All of this delayed completion and may have hardened the Staff to any further delays occasioned by major alterations. Moreover, that the Naval Staff was not unduly concerned about the ASW performance of the corvettes is evidenced by the fact that the addition of a full minesweeping kit ‘had an adverse effect on the operations of the ASW gear.’

The latter, as the Staff went on to observe, was carried forward and was affected by the corvette’s tendency to trim by the stern when fitted for minesweeping. In practice, however, the original corvette design, when fully stored and armed, tended to trim by the bows, which also affected ASW efficiency. The addition of extra weight in the stern may unwittingly have compensated for the design fault. More important in terms of seakeeping and habitability in deep-sea operations was the forecastle extension adopted by the RN. News of this modification reached NSHQ while most of the first corvettes for Canada were still in the builders hands. Although the RCN would make allowances for more crewmen, better refrigeration, a more powerful wireless set, and more depth charges, the navy did not act on this fundamental alteration in basic structure until after sixty of their own corvettes had been built, much later in the war.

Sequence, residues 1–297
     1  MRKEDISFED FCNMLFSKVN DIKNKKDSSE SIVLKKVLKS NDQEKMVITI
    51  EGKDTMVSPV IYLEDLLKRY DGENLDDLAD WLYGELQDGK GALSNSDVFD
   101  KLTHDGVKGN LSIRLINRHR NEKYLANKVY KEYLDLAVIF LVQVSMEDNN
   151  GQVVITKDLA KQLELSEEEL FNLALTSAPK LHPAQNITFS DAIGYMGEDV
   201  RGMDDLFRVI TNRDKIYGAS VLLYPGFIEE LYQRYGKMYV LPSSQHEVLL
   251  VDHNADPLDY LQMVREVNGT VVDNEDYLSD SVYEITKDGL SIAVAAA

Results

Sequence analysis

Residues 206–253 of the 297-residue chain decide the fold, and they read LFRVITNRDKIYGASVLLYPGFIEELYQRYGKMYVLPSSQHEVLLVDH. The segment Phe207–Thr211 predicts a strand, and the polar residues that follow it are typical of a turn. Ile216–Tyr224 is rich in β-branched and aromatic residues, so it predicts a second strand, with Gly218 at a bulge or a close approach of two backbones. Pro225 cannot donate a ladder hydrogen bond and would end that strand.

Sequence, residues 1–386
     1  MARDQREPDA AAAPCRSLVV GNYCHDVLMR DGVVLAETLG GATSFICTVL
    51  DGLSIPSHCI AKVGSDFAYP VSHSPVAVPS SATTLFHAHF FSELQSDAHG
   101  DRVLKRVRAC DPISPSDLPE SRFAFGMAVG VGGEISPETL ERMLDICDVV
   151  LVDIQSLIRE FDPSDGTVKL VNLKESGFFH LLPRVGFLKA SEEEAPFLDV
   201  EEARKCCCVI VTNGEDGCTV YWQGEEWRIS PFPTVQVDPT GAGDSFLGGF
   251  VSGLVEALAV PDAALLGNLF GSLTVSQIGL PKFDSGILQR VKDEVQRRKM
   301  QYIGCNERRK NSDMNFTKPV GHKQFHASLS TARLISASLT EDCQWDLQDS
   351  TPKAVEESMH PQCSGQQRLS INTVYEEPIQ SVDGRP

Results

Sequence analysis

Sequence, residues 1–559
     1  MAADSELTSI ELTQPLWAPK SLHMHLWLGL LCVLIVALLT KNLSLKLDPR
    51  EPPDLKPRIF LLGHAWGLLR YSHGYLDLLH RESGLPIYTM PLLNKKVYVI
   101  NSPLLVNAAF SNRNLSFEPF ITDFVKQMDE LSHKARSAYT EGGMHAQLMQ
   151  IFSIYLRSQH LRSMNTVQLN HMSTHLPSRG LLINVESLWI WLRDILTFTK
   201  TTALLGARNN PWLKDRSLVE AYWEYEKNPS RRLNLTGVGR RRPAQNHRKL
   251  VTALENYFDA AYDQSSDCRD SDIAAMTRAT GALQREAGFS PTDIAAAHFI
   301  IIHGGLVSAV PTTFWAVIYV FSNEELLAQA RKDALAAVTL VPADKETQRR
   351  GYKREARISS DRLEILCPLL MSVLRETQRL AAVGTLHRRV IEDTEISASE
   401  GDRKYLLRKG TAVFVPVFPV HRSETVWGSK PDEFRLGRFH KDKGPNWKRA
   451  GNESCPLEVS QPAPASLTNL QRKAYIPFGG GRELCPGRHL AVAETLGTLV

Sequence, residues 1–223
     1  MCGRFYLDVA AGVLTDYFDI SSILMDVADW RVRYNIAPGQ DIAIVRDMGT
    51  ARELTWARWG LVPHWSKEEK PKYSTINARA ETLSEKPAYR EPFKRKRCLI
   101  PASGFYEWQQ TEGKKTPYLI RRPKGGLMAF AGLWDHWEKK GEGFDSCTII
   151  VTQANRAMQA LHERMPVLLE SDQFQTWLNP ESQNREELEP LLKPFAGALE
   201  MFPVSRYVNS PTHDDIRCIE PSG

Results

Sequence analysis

The Staff would recognize the value of the design improvements. These were to be embodied in a new class of corvette, the Revised Patrol Vessel (RPV), which was much better suited to deep-sea operations. The RCN ordered ten RPVs in early 1941, and all were in commission by the spring of 1942. Unfortunately, it took some time for these purpose-built ocean escorts to find their way into mid-Atlantic operations. In the meantime, the navy plodded along with ships that, by early 1941, the navy still considered in-shore auxiliaries. Indeed, at NSHQ the corvettes were still tied closely to the defended-port system under Plan Black. It is also arguable that the Staff’s failure to extend the forecastles of corvettes when it had the chance stemmed from the navy’s desire for as many ships as could be acquired to permit expansion to really get going, or from the increasing gravity of the war at sea. It was a lost opportunity that would come to haunt the navy and the corvette crews.